Don’t get me wrong – I enjoy a good AAA title as much as the next gamer. I’ve spent more than my fair share playing games like Assassin’s Creed, Fallout, Halo, Call of Duty, and Overwatch. But lately, I’ve been turning to indie games more and more. Step away from the huge studios and million-dollar titles, and I’ve discovered that you’ll often find a real treasure. Yeah, maybe the graphics aren’t as good (though often they are), and there aren’t any high-profile voice actors (in many cases there are no voice actors at all). But somehow, these small-studio teams make the best use of the resources they have at hand to tell incredible stories and address deep issues in ways that games stuck trying to please the gamer masses just can’t.
Such is the case with Abzû. Developed by a team of 13 people at Giant Squid Studios, Abzû moves away from traditional land and space environments and takes you to a realm little explored in the gaming industry: the ocean. As someone who is unable to scuba dive due to an inner-ear problem, I was particularly looking forward to diving in and exploring this game’s chosen universe.
The first thought that I had when this game loaded up was, “Wow, this game is pretty.” Giant Squid makes great use of Unreal Engine 4, creating a world that is breathtakingly rich in color, movement, and sound. Light filters in from the surface, fish swim by in graceful schools, and all of it is accompanied by the gentle background of Austin Wintory’s soundtrack. I could spend hours simply enjoying each of the underwater environments and the game would lose nothing.
That’s likely intentional. Several of team members who worked on creating Abzû also worked on the game’s predecessor, Journey; and, like Journey, Abzû is more about experiencing the wonder of each environment than it is completing the game’s short storyline. There are several monuments scattered throughout the game where you as a player are encouraged to stop and meditate. Doing so allows you to swim along with each type of fish present in that particular area, learning their names, watching them eat (and be eaten), and simply enjoying the beauty that the game’s creators have managed to capture.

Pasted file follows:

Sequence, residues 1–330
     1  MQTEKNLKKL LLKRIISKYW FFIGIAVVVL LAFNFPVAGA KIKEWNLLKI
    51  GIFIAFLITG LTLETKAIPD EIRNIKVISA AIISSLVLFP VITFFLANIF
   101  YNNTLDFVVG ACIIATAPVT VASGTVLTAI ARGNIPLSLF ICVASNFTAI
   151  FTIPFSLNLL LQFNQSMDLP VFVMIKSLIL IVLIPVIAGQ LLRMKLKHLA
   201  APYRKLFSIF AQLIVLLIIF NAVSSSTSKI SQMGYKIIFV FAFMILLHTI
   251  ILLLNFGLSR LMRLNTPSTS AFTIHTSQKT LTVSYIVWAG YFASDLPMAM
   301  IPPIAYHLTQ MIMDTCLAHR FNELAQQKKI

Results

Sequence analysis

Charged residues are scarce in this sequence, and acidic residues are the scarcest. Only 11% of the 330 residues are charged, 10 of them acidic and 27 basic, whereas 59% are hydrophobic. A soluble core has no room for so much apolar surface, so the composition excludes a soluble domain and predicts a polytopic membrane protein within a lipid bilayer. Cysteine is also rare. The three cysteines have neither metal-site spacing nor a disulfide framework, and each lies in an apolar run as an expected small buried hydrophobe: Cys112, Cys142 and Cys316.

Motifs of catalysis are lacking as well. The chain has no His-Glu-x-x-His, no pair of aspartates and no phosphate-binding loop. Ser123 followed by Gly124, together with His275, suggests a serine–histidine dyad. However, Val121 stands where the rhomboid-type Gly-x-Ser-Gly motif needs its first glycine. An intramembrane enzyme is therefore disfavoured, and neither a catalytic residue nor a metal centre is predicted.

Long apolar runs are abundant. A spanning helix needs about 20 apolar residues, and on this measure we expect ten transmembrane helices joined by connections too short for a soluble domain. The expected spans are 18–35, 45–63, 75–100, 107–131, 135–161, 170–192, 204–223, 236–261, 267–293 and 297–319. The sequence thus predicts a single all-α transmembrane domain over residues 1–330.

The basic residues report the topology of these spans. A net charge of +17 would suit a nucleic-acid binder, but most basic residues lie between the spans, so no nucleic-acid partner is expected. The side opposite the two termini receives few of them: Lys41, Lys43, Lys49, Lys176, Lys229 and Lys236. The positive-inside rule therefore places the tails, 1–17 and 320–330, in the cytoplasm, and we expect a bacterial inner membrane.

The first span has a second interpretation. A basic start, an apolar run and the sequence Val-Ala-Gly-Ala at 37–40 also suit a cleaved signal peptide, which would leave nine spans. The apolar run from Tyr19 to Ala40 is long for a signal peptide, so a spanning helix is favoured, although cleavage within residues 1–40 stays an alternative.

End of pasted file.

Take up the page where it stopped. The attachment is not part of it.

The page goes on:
Each type of fish seen in Abzû is based on a real-life creature, from its appearance down to its movement and schooling patterns. However, to avoid the game from becoming too visually overwhelming, each creature was whittled down to most essential traits. The game is highly stylized for the same reason; visual overwhelm was a concern, and so the creators focused on smaller environments that could easily be made to feel full with less.
Director Matt Nava is a passionate scuba diver, and that shows.
The game’s focus on environment and wonder doesn’t mean that the story isn’t compelling, however. You awaken as an androgynous diver (the creator refer to the character as female, but this is in no way apparent), alone in the middle of a vast ocean, automatically triggering a wealth of existential questions: “Who am I? Why am I alone? What am I supposed to do?” The game immediately answers none of these, leaving you to discover the answers for yourself.
You’re guided gently (stray too far, and your diver will simply turn themselves around, heading back in the “right” direction) from one objective to the next, restoring life to certain parts of the environment as you go. Using an energy stored within you, a simple touch brings back fish, whales, sharks, snails, and other sea creatures.
As you explore, some of the answers to the game’s initial questions become apparent. You begin to find ancient ruins and murals filled with texts and pictographs. These tell the story of a civilization that once shared a symbiotic existence with the ocean. But energy is being harvested from the ocean by large, technologically-advanced pyramids, killing vast areas and bringing ruin to the civilization. It is your job to defeat these pyramids and bring life back to the ocean. The game pulls heavily from Sumerian mythology, exploring the myth of Tiamat, the ocean goddess, and the game’s namesake, the freshwater god Abzû. In the myth, the two unite to form all life.
Given the recent news about climate change and what humans are doing to the ocean, the game’s message is particularly relevant. And, while no individual can restore the ocean on their own, we must all do our part to stop corporate greed from continuing to place Earth’s last great, largely unexplored frontier at risk.
You can play through Abzû‘s storyline in about three hours – though I don’t know why you’d want to. The game compels you to stop, slow down, and simply take in the beauty of its world. It’s an excellent stress reliever, a game to play when you just need to slow down and enjoy a few hours behind the controller. It’s certainly a game that I plan to enjoy again.
I’m a Gamer Girl is the admin of the Facebook page by the same name. She’s been playing video games since the Super Nintendo days and has spent far more hours than she likes to admit with a mouse, keyboard, or controller in her hand.